July rain: what a difference a month makes

I got what may be my all time favorite reader comment a couple of weeks back when I tried to explain that the summer rains New Mexico has been getting do not mean our drought is over:

This article is miserablism at its absolute worst. How about looking at important progress in reservoirs like Conchas where water levels are up 6 feet – during the summer months? It’s pretty obvious you don’t reverse a ten year drought in a month, but looking at Elephant Butte and concluding nothing beneficial has occurred, when the rainwater hasn’t even made it that far yet, is just Fleck being his usual dismal self. If you don’t like living in a desert, why don’t you move??

I must admit I was a little worried when it started raining the first week in July. But once I realized I could write about storms ruining alfalfa and flooding neighborhoods and twist the knife with the “but the drought’s not over!” taunt, I knew I was golden. This is a once-in-a lifetime journalistic opportunity. Fleck the Miserablist, at your service.*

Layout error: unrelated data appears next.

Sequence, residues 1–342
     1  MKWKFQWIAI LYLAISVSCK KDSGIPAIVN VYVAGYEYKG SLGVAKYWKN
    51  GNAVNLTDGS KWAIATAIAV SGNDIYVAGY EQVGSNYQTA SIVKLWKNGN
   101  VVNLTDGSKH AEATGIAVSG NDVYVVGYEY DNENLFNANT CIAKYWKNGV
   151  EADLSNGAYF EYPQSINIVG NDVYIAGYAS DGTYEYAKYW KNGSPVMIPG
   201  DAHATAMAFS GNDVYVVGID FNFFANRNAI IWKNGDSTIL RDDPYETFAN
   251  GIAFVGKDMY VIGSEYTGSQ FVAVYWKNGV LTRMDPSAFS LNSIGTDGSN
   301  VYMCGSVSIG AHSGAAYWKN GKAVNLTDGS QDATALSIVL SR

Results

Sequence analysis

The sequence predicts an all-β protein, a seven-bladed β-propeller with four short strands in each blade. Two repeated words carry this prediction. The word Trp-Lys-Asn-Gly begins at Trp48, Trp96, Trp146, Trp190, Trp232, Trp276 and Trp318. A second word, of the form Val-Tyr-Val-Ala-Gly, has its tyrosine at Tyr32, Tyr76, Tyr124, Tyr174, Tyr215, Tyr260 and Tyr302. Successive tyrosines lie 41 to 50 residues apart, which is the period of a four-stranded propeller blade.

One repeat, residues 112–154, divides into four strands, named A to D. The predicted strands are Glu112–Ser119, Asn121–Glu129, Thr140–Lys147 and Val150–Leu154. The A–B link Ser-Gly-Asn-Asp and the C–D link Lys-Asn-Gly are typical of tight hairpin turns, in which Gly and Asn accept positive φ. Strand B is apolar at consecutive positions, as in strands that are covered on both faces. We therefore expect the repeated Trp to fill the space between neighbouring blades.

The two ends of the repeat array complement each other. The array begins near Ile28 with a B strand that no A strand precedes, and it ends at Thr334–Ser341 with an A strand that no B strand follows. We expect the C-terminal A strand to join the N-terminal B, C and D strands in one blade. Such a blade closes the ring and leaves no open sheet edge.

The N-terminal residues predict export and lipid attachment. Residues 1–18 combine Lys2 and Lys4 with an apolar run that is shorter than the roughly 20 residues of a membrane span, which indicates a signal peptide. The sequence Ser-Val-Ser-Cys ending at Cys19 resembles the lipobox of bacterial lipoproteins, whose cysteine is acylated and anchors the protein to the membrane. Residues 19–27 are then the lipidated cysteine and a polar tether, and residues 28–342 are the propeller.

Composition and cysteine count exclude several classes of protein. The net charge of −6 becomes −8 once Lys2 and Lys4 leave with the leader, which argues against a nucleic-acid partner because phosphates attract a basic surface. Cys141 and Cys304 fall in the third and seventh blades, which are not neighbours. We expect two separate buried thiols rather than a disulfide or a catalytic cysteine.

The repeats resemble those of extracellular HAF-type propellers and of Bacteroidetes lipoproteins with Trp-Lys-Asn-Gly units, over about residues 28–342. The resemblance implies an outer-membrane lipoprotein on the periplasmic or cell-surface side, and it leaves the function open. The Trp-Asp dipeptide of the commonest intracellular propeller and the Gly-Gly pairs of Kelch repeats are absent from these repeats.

I loved the comment so much, I wrote the same story a week later, but my trolling failed.**

We got 3.09 inches (7.8 cm) of rain at our Albuquerque house in July. That’s our wettest month since August 2008. Still just 63 percent of average for the water year, but much better than it was.

2012-13 water year, Heineman-Fleck house

2012-13 water year, Heineman-Fleck house

* This paragraph is a joke. Its purpose is to poke fun at me and my profession, incentivized, as Danah Boyd argues, by fear and the attention economy.

** This paragraph also is a joke. I wrote the second story because the drought really is serious, and all available evidence suggests the rains have helped little, and public understanding seems an important thing. Plus fear economy.

One Comment

  1. Pingback: Another Week of Climate Instability News, August 11, 2013 – A Few Things Ill Considered

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